Britain has many iconic foods. But just where in the UK should you travel to taste the best examples of these national dishes? From cream tea to haggis, this post explores some of the most famous British foods and the best places around the country to eat them.
Haggis is one of the best known national foods of Scotland. It’s made from minced sheep offal, onions, oatmeal and spices. This was traditionally wrapped in a sheep’s stomach (although this is often not the case with most modern haggis).
The most common time to eat haggis is Burns Night, however you can try haggis at other times of the year. Just where are the best places in Scotland to try haggis? The big cities of Edinburgh, Glasgow, Aberdeen and Inverness all have restaurants where you can try top quality haggis. This post lists some of the best haggis restaurants.
This Welsh dish consists of a cheese-based sauce served over toasted bread. No, it’s not just cheese on toast – different places will have different cheese sauce recipes, which may include other ingredients like onions, beer, bacon and mustard.
There are many Cardiff restaurants and pubs where you can taste Welsh rarebit. Madame Fromage, The Potted Pig and Pitch are a few award-winning places worth scoping out if you’re in Cardiff. While in Cardiff, check out other Welsh national attractions such as Cardiff Castle and the various museums.
Cream tea is eaten across the UK, but is most commonly associated with the West Country. It consists of afternoon tea served with scones, which are topped with jam and clotted cream.
Cornwall is one of the best places to try cream tea. Stay anywhere on the Cornish coast and you’ll usually be able to find cafes in the area that specialise in this. The best cafes will bake their own scones from scratch and make their own jam. Check out holiday parks in Cornwall and check out other local attractions such as St Michael’s Mount and the Eden Project.
Go into any pub that serves a Sunday Roast and you’re likely to be served Yorkshire puddings. Yorkshire puddings are also a key component of the classic British dish, Toad In The Hole.
The birthplace of Yorkshire puddings is of course Yorkshire. Go to the county’s buzzing capital, York, and you’ll find a number of places dedicated purely to Yorkshire pudding dishes such as The York Roast Co. and Hole In The Wall. Make sure to visit the various museums and take a look around the narrow lanes of The Shambles while in York.
Fish and Chips
When many people think of British food, Fish and Chips is often the dish that comes to mind. Everywhere in the UK has its own local chippie and you can buy fish and chips in most pubs. However, some restaurants clearly take their fish and chips more seriously, using carefully concocted batter and only the freshest fish.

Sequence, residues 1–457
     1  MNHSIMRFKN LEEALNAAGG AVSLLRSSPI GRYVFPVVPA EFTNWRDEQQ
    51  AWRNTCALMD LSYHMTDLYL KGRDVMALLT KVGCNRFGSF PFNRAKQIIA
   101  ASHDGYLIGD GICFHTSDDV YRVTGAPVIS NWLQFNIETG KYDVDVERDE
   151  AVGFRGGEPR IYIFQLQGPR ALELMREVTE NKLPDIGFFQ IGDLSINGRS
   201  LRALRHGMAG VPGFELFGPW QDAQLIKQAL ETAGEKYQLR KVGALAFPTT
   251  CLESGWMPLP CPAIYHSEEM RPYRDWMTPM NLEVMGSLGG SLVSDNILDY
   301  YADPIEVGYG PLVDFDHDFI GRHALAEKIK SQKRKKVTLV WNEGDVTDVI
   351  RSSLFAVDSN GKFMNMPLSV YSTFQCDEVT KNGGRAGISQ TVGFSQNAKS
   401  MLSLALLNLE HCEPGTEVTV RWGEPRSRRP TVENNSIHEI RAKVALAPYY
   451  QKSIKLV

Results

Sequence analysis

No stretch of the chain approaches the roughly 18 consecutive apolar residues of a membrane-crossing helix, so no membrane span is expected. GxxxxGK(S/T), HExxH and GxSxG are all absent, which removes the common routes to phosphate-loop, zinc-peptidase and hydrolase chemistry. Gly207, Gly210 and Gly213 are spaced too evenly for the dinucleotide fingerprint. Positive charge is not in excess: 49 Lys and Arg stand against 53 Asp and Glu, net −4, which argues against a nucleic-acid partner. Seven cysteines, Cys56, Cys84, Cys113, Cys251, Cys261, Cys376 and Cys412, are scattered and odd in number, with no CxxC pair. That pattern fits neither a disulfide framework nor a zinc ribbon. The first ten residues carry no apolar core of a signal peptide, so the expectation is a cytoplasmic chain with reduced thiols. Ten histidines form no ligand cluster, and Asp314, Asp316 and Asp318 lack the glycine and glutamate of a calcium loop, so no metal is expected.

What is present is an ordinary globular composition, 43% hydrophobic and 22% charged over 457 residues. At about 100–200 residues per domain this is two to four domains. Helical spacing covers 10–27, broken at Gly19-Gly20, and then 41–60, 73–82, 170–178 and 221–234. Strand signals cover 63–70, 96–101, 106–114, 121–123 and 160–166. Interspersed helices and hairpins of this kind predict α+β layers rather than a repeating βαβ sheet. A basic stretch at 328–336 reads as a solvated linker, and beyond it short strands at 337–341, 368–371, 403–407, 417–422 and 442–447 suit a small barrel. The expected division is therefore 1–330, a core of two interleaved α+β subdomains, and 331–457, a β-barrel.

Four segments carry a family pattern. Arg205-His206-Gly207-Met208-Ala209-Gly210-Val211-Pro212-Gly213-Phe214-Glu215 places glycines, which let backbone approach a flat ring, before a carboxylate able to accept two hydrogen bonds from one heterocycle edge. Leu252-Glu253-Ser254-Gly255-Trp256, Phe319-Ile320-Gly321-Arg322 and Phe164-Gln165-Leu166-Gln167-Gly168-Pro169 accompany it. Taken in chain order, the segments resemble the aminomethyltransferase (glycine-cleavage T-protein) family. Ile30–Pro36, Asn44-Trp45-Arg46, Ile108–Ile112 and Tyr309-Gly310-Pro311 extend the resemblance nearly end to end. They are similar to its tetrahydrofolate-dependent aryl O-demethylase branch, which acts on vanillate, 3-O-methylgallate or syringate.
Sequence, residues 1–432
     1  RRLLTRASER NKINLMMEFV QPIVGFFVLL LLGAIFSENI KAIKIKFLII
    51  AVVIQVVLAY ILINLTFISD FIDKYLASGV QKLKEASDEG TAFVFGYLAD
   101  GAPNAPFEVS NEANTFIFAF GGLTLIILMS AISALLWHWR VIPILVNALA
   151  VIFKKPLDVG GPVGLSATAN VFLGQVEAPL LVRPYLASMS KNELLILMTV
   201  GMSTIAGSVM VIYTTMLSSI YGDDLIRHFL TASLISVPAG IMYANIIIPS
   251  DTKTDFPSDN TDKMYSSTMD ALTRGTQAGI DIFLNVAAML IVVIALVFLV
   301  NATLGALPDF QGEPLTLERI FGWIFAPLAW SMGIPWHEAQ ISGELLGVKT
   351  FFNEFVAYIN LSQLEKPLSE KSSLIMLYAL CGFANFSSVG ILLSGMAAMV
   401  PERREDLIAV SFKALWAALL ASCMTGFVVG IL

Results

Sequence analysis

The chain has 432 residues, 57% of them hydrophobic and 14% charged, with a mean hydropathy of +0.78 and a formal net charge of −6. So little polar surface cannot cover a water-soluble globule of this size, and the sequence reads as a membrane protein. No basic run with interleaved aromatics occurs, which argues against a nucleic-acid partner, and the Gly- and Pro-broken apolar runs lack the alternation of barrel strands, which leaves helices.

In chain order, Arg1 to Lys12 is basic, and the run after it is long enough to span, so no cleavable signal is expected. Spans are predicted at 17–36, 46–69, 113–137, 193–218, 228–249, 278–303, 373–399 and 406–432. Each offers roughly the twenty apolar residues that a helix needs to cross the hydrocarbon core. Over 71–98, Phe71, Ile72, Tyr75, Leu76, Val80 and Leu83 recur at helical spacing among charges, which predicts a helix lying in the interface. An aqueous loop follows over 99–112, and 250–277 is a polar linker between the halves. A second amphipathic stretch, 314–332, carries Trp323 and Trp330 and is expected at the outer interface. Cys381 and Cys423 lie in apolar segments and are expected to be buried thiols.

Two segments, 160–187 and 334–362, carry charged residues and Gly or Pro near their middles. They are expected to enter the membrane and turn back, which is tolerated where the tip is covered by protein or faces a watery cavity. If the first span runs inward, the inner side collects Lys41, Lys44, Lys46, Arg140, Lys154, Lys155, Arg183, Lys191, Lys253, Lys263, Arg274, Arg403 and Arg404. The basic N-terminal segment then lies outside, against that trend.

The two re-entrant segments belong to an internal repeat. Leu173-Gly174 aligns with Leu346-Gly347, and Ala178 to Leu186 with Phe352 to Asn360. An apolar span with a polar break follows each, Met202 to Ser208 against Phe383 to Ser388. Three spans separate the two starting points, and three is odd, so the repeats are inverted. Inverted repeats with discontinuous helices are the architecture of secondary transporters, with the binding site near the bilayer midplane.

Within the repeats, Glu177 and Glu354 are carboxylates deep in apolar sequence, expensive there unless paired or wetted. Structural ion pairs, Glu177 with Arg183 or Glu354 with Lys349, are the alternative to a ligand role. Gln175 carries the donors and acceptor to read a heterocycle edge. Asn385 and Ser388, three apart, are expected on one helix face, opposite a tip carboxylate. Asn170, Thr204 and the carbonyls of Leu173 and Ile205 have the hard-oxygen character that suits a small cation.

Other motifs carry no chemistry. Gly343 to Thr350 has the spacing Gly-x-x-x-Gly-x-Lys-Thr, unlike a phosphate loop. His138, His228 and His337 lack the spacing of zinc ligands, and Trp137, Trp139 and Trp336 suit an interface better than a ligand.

Unsurprisingly, most of the best restaurants are found in seaside towns where fish can be freshly caught and cooked. Kent, Devon and Norfolk all have a good selection of highly rated fish and chips shops. However, it’s Yorkshire and North Cornwall that both take the prize when it comes to sheer amount of top quality fish and chips shops. Look online for five star ratings.
Eton mess is a classic dessert consisting of strawberries, meringue and whipped cream. It is believed to have originated from Eton School in the 1800s where it was served at annual cricket matches against Harrow School.
Nowadays, you don’t have to go to Eton to try Eton Mess. There are many places across the UK that serve this dessert. But just where should you go to find the best Eton Mess in Britain? London seems to be the best place to try this dessert – the likes of St John Bar, Little Social and Bill’s Covent Garden Restaurant all have highly rated Eton Mess desserts.
Much like Yorkshire puddings, black pudding is not a pudding at all. It is in fact a savoury blood sausage made from pork or beef blood and oatmeal. Like haggis, not everyone will be daring enough to try it. It is however more widely available than haggis.
You’ll find some of the best black pudding in Scotland. Anderson’s Quality Butchers in North Berwick is a must-visit place if you’re staying in North Berwick – its black pudding has won awards in the past. North Berwick also has great beaches and scenic views, making it worth a visit.
Cheeses including Red Leicester, Stilton and Wensleydale all come from the UK. However the most iconic British cheese has to be cheddar.
While cheddar is produced all around the world nowadays, the cheese originates from the Somerset town of Cheddar. It is here that cheddar was first stored in the caves and allowed to age to give it its distinct taste and texture. You can try and purchase authentic Cheddar cheese in Cheddar Gorge. Check out the caves and quaint shops while you’re here.
Full English Breakfast
All of us have had a Full English fry-up before. But just where in the UK can you taste the best Full English?
Most cities have some great choices. However, Liverpool’s Dale Street Kitchen is hard to beat. This cafe has won many awards and is often regarded as serving the best Full English Breakfast in the country. Read more about this cafe and some runners up here at this post.
Chicken Tikka Masala
Many people do not realise that Chicken Tikka Masala is in fact a British dish. Chefs who had migrated from India to the UK in the 50s and 60s were unable to replicate traditional Indian dishes at first due to a lack of access to similar ingredients, and so they made their own unique curries using ingredients they could find. A recipe that several chefs seem to settle on was Chicken Tikka Masala.
While it’s hard to narrow down the exact origin of this dish, Punjab in Covent Garden is widely regarded as the oldest Indian restaurant in the UK and has a highly rated Chicken Tikka Masala. It’s worth also trying the Chicken Tikka Masala in Harrods. This post delves more into the best Chicken Tikka Masala in London.